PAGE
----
D.C. Mayor Vincent Gray is planning to announce a city-wide taskforce and other measures to combat bullying on Wednesday evening.
Hailed as a first, the "Anti-Bullying Action Plan" is to be led by the city's Office of Human Rights. The four stages of the plan include the creation of a task force; the commission of a research report; the creation of a "model policy and standards"; and a forum on bullying for D.C. agencies.
Members of the task force include D.C. Public Schools Chancellor Kaya Henderson and Metropolitan Police Department Chief Cathy Lanier. The directors of the mayor's office on LGBT affairs, the parks department, and the health department also will make up the 14-person committee.
The mayor is set to announce the anti-bullying plan at E Street Cinema on Wednesday, before a private screening of the documentary "Bully." The screening will be followed by a panel of experts and DCPS's director of health and wellness, Diana Bruce, as well as two youth mayors.
Bullying remains a major problem in District schools, as detailed in an October article in The Washington Examiner.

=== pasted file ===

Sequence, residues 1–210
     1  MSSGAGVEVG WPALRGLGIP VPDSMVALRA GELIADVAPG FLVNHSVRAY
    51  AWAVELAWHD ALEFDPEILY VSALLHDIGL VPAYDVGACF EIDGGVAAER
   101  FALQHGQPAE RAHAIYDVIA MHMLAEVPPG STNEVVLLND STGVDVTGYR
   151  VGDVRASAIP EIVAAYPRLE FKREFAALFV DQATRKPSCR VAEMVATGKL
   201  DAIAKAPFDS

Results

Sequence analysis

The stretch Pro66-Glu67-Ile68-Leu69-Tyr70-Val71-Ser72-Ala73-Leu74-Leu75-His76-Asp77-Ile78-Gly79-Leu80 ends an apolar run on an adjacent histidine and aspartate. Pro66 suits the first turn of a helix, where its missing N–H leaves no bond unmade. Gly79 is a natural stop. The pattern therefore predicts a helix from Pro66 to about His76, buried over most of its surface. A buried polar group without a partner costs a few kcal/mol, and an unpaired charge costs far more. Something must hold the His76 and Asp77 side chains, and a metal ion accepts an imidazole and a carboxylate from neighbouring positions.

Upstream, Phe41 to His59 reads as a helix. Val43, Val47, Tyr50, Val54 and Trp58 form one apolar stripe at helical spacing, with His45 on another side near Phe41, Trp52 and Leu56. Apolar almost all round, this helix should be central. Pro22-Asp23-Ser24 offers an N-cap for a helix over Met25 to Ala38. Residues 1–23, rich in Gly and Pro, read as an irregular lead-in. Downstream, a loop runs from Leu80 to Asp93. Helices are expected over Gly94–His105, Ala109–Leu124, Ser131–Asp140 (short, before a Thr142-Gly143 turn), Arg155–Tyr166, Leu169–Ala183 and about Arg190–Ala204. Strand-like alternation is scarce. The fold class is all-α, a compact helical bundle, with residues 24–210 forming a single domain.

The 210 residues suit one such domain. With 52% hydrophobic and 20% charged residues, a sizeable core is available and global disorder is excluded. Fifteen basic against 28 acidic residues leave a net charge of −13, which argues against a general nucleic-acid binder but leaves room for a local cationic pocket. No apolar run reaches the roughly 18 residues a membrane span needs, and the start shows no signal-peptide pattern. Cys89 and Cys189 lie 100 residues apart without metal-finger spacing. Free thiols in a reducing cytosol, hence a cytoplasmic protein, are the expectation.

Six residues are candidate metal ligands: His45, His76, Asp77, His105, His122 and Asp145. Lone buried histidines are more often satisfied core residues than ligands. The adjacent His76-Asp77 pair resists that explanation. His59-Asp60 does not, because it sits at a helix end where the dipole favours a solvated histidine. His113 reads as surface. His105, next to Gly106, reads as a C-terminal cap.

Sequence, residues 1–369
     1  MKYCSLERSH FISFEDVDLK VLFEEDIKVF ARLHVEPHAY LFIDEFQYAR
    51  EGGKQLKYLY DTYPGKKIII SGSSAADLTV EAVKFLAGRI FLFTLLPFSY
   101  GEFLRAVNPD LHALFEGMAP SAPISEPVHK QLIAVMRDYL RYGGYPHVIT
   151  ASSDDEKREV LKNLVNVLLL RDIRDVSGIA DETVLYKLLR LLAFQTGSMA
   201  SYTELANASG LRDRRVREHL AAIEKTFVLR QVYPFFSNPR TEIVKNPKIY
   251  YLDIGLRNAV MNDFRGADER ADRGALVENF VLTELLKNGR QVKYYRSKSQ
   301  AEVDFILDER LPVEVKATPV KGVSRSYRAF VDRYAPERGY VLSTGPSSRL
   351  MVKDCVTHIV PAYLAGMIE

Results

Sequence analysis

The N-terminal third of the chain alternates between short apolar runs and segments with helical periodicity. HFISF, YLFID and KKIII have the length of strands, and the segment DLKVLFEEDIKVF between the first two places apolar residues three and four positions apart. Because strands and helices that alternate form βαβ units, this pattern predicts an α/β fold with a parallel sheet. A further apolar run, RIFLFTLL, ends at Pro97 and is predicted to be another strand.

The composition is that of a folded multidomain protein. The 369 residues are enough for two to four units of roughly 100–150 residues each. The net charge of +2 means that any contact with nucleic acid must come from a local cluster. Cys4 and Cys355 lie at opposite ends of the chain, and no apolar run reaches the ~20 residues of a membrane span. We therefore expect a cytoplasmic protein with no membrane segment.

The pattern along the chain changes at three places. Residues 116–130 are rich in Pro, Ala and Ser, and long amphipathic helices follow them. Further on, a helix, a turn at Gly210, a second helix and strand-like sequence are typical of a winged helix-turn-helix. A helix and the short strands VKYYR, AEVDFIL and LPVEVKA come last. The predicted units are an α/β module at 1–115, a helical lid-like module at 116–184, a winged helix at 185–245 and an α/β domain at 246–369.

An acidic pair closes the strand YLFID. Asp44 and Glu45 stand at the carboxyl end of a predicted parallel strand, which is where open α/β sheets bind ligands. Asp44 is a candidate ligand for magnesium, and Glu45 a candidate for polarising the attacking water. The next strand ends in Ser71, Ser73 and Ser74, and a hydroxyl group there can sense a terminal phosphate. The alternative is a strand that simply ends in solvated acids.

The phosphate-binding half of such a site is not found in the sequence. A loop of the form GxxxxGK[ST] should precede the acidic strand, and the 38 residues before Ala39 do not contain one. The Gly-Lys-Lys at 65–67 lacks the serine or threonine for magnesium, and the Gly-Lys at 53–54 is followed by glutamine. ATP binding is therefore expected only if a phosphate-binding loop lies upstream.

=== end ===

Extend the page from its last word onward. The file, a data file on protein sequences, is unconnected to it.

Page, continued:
At every DCPS middle school, at least 60 percent of students said they are "made fun of for the way they look or talk" often or sometimes, according to student surveys from last school year.
More than half of students at every stand-alone middle school said fights occurred "often" or "sometimes"— Eliot Hine and Shaw topped out at 81 and 80 percent, respectively.
At Woodrow Wilson Senior High, 85 percent of students said students damaged or stole other students' property at least sometimes. At Ballou, 73 percent said students were teased for the way they looked or acted often or sometimes.
The District and Montana are the only "states" without anti-bullying laws. The Bullying and Intimidation Prevention Act was introduced in January 2011, but never acted on by the D.C. Council.